Essentials PEPSI Elementary Adolescence Advanced CD
Getting StartedClassSyllabusCommunicateLibraryHelp!
ESE504 : The Class : Elementary : Individual Needs

Introduction: Development

This module focuses on the elementary age child.
A sense of dedication probably led you to teaching.
It ought to be second nature to be a great teacher.
You love learning and thinking.
You treasure kids.
You have a dedication to make a difference
. . . and then you find out how complex, how truly difficult great teaching really is.

Success in student management is directly linked to why we become teachers and how we feel about children. Successful teaching and learning is linked to what we know about children, how they develop, how they learn and where each is on the progression toward physical, emotional, philosophical, social and intellectual health and well being. Of course, it also joins with what we know about our own development and our personal desire to grow, to mature, and to self actualize.

Teaching is hard work! A great teacher is a combination of energy, enthusiasm, love of the subject, and love of children. It is time intensive and draining. It requires complex problem solving skills, the ability to understand nonverbal cues, to be intuitive, and very focused. A great teacher is emotionally intelligent and acquires finesse in interpersonal and intrapersonal intelligence.

Part of this kind of savvy comes from understanding human nature; that is, understanding self, understanding group behavior, and understanding the development of human beings. Once we have a basic understanding of child development, we are more able to recognize when a student is behaving in a growing, consolidating, or unhealthy way. That facilitates understanding and working successfully with students in our schools. This is important because children differ from one another, the way they learn and when and what they are ready to learn.

From understanding general development principles, we move to a more individualized look at the youngsters in our classes. Each student is an individual, and each is distinctive -- special! The idea of working with a child, one on one, can and does work, but with 30 students, that individualization is difficult. In the high school, with 150-200 students each day, it's virtually impossible. Somehow, teaching becomes lecturing or text reading.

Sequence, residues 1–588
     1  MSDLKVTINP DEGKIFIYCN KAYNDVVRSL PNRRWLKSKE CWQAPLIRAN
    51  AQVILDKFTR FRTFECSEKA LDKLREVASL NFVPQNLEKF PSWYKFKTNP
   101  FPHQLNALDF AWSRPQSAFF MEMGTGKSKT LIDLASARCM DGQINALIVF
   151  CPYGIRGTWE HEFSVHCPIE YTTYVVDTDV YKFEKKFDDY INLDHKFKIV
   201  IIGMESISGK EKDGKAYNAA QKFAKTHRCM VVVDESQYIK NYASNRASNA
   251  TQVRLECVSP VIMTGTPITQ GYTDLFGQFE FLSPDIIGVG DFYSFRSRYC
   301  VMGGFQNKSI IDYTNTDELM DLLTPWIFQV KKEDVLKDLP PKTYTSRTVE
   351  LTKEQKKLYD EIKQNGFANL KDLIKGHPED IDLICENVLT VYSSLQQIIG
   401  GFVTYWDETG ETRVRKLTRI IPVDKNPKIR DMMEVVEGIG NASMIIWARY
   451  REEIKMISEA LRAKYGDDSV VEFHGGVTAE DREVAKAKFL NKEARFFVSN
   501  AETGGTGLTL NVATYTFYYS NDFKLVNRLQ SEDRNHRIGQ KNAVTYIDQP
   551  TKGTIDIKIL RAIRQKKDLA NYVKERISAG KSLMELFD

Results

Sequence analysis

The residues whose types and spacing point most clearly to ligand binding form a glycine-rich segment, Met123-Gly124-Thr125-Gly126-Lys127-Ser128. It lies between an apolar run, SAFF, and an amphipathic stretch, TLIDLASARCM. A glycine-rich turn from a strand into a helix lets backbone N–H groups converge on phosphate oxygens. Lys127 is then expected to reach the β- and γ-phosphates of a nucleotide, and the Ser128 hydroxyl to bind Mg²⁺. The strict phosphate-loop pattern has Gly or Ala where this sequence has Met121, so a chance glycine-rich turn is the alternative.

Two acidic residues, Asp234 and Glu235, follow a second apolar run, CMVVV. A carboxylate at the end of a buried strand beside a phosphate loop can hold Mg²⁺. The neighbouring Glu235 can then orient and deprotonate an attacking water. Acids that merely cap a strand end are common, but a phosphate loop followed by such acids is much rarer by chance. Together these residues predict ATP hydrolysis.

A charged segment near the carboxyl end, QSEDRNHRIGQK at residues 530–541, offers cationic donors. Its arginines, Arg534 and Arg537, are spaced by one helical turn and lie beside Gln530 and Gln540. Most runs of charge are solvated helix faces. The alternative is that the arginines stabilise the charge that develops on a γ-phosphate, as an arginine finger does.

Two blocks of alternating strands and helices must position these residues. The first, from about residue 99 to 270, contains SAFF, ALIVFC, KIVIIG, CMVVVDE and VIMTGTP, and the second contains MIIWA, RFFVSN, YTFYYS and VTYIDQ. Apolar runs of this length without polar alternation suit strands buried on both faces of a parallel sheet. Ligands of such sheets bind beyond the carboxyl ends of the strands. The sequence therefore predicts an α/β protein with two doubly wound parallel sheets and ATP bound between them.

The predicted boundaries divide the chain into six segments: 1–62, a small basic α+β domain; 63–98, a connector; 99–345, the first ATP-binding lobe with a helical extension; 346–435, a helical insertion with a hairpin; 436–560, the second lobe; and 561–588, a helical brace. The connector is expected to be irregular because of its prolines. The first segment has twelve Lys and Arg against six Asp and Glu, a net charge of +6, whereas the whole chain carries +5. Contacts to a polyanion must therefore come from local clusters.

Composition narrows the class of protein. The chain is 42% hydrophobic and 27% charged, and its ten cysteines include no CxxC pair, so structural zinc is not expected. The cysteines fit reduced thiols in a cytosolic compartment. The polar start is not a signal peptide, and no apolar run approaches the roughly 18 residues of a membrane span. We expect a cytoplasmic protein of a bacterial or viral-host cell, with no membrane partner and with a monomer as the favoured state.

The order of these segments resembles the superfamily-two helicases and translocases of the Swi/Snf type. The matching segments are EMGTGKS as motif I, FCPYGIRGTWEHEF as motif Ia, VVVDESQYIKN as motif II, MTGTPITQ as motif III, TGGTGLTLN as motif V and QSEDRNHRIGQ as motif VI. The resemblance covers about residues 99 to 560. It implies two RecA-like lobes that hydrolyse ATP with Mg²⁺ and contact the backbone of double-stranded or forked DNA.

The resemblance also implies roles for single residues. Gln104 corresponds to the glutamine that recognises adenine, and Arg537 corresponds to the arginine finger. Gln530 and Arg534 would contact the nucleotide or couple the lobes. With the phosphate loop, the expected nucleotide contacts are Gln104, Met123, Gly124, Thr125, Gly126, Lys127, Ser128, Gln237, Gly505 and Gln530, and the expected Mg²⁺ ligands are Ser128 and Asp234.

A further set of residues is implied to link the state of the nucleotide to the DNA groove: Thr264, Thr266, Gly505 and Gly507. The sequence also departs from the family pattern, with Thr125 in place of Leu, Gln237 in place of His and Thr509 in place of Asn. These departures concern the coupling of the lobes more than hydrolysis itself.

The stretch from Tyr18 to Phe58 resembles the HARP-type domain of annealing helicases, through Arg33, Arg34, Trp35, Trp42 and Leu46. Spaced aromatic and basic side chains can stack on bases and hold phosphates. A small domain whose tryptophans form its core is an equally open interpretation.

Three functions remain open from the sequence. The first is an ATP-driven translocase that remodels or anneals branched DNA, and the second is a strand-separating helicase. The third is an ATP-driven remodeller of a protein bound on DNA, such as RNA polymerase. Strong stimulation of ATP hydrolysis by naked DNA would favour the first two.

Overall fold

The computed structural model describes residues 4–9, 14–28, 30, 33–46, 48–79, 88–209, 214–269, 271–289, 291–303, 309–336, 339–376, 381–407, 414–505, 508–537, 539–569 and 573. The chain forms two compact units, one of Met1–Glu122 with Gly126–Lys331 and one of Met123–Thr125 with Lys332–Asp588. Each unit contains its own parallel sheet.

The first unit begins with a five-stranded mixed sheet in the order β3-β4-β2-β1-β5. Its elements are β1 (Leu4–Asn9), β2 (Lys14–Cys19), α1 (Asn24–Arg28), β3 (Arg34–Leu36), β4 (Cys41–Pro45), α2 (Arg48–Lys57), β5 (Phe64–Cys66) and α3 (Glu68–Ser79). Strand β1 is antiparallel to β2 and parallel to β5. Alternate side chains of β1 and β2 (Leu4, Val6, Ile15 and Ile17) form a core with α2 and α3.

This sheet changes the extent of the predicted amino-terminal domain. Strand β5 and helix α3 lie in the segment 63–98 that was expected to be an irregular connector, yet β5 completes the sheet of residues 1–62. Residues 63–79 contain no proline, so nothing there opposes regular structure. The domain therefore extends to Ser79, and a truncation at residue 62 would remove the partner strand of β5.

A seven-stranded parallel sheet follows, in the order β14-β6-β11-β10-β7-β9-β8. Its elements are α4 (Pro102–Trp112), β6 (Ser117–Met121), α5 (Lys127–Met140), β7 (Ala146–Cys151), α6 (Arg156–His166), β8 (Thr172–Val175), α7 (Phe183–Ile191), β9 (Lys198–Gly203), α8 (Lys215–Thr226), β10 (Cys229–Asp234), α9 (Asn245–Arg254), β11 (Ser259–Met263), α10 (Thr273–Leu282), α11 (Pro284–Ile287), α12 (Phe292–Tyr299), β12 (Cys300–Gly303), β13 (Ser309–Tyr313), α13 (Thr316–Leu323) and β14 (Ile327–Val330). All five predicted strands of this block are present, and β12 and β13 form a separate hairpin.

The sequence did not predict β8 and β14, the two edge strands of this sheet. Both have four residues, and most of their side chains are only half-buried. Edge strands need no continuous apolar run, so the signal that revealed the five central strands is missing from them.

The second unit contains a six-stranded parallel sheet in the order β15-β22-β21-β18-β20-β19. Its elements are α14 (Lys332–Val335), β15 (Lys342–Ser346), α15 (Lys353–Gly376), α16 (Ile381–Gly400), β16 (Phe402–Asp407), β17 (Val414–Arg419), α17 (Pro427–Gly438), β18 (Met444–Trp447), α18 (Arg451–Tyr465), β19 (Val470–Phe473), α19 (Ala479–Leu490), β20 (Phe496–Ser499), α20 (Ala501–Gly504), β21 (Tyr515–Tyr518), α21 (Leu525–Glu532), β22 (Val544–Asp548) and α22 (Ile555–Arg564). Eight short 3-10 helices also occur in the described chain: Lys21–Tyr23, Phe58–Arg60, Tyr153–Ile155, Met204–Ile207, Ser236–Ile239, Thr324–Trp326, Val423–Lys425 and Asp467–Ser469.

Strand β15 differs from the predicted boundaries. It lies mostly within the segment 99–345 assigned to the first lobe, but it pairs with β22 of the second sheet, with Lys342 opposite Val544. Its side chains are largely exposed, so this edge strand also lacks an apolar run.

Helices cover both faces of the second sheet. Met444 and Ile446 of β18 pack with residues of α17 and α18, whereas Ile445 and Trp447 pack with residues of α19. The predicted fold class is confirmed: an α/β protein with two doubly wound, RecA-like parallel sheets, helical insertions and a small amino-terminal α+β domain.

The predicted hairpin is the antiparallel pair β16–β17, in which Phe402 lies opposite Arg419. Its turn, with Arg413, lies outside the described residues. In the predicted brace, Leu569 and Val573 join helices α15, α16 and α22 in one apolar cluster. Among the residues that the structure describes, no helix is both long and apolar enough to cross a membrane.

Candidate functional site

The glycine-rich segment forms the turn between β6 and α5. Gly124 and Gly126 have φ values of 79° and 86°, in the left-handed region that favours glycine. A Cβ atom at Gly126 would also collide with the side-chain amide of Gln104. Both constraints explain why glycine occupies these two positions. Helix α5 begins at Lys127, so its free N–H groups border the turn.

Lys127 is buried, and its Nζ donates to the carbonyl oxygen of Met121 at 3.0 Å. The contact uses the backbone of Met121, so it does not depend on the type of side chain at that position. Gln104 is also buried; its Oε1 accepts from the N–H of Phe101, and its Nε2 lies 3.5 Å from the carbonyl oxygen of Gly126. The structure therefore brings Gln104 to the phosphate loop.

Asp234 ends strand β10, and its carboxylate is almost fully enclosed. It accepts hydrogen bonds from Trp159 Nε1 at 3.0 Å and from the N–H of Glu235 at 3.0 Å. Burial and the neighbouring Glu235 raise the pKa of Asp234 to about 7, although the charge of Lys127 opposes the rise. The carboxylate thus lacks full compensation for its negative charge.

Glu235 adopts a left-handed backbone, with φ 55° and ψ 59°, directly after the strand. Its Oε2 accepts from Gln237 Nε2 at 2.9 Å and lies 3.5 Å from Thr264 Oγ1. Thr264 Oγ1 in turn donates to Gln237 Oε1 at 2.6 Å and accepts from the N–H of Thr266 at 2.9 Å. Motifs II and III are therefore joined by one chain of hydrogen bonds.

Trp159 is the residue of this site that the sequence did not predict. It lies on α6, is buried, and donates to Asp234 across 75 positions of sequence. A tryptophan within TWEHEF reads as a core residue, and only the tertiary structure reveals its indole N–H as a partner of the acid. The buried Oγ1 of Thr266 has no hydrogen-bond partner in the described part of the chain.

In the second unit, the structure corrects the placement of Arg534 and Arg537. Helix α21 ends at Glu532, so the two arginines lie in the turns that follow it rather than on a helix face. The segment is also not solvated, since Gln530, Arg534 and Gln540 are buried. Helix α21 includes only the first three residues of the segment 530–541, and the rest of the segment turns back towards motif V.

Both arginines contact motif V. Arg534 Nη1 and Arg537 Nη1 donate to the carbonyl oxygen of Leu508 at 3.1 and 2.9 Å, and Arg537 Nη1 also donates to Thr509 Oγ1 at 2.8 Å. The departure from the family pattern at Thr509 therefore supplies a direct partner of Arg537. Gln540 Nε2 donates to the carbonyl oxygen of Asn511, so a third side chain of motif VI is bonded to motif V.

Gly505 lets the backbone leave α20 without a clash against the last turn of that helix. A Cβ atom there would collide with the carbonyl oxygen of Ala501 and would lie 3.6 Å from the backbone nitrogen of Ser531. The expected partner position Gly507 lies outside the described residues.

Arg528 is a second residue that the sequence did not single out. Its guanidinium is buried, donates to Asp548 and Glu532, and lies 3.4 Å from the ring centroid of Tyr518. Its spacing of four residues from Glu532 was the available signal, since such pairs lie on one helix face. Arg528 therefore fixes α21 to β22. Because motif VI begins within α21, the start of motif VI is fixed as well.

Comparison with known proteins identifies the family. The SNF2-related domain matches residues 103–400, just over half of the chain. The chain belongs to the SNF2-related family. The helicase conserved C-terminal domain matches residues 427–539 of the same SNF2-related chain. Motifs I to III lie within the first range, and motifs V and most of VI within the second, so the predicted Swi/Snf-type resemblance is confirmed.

Contributing to children's lives some days becomes keeping a lid on the dynamics and keeping everyone safe. Some days its hard to spend a couple of significant minutes with each youth. Since our time is so limited and the work so hard, we who love teaching learn to work smarter.

A critical component of smart teaching comes from understanding developmental principles in such a way that we can apply it to individual students -- one more link in the chain.

In the next readings we will examine the steps involved in healthy growth, recognizing ways to enhance student motivation and assist students in the quest for self responsibility. As we see ways that student are stuck or developmentally delayed, we can help them to take steps toward health, self worth and holistic growth.

So often, those students who seem the most puzzling, the least available to learn or make a true bond, are also those who are "stuck" developmentally. It often follows that the pressure put on children who are behind serves to perpetuate or deepen the lack of growth or regressive tendencies.

Understanding development will provide links to more than better achievement scores, better grades, enhanced classroom management. It enhances student well being. It forges community and builds the child.

You should now:

Go on to the first reading response.
Go back to Elementary

E-mail J'Anne Ellsworth at

Course developed by J'Anne Ellsworth


Copyright 1999 Northern Arizona University